Carl Pullein

Mar 17, 2021

5 min read

How To Write A To-Do List (With Examples)

Some of the worst advice I hear is ‘break down your tasks into smaller chunks’. This makes sense; on the surface, when we have tasks that take only a few minutes to do, you would think we would be more motivated to do them. The trouble is we don’t do them.

The reason we don’t do them is not the length of the task; it’s getting started. It’s switching between different work modes that cause us to procrastinate and not do the tasks.

Imagine you have spent the last four hours in an intense Zoom meeting, and you are tired. When you finish the session, the last thing you want to do is start another task. What is likely to happen is you will open up your email or Slack messages and look for some low-hanging fruit to do — the dopamine hit you are craving.

There is, however, a more significant issue. Often the tasks you are creating as you break down the bigger tasks are what I call “checklist tasks”. These are tasks that would be better placed on a checklist, so you can instantly recall what has been done. Tasks managers generally do not keep the task in the task list once it is complete — they disappear into a completed section. This makes it hard to know what has and has not been done.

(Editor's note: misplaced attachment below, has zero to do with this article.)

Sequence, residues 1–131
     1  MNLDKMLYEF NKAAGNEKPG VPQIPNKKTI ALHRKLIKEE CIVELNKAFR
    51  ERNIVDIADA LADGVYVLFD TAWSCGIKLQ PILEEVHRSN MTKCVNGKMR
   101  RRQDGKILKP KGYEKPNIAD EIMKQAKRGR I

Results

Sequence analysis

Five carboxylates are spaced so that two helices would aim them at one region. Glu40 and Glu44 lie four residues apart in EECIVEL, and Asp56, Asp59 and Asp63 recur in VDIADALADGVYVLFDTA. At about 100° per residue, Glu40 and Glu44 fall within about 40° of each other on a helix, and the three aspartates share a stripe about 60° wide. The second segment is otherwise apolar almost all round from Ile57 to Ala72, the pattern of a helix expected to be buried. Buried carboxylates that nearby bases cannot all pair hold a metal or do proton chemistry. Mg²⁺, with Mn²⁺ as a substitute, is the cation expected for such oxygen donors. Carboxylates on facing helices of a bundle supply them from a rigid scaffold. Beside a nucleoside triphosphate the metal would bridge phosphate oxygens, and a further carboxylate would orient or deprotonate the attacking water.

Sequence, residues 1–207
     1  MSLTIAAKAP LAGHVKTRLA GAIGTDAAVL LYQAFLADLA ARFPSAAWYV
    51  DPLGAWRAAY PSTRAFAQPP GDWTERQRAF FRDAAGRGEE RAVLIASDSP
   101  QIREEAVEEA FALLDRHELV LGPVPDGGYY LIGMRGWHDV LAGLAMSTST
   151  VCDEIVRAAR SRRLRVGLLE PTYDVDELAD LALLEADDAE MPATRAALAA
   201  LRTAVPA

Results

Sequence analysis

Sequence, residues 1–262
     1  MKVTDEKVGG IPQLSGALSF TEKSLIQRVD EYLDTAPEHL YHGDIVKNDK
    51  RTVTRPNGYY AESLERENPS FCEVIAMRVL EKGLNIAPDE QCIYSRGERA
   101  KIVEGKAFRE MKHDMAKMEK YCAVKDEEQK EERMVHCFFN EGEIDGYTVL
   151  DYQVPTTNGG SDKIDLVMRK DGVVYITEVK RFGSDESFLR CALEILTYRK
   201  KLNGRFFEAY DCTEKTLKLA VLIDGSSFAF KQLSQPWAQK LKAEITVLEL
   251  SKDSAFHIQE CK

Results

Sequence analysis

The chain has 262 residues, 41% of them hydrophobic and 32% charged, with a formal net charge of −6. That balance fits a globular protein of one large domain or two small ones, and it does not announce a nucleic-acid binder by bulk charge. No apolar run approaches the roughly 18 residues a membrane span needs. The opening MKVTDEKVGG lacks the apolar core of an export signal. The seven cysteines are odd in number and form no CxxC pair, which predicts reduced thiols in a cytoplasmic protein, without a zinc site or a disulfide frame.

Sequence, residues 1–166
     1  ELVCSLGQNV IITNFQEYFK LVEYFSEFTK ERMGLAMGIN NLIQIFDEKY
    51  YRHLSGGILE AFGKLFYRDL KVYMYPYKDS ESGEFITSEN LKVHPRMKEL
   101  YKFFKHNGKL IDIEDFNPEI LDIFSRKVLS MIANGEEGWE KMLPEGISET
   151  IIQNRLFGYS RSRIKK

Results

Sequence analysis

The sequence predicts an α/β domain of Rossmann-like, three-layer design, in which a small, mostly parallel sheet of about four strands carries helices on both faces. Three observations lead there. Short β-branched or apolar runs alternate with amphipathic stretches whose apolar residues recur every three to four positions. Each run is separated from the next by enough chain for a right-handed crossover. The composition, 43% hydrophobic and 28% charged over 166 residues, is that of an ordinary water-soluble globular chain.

Last month, I changed my computer. I don’t copy my old computer’s hard drive to my new one; I clean install everything. This does create a little extra work, but doing things this way ensures all my apps are new, fresh and in full working order and not suffering from bugs that have been picked up over years of use.

The first apps I install are always the same. 1Password, Todoist and Evernote. Once these apps are installed, I set up my email accounts. After that, I have a list of essential apps in a note in Evernote, I can pull up, and as I install the apps, I check them off.

In Todoist, I have a single task that says: “continue setting up new computer”. When I have time, I click on the note link, and I am taken directly to my checklist in Evernote.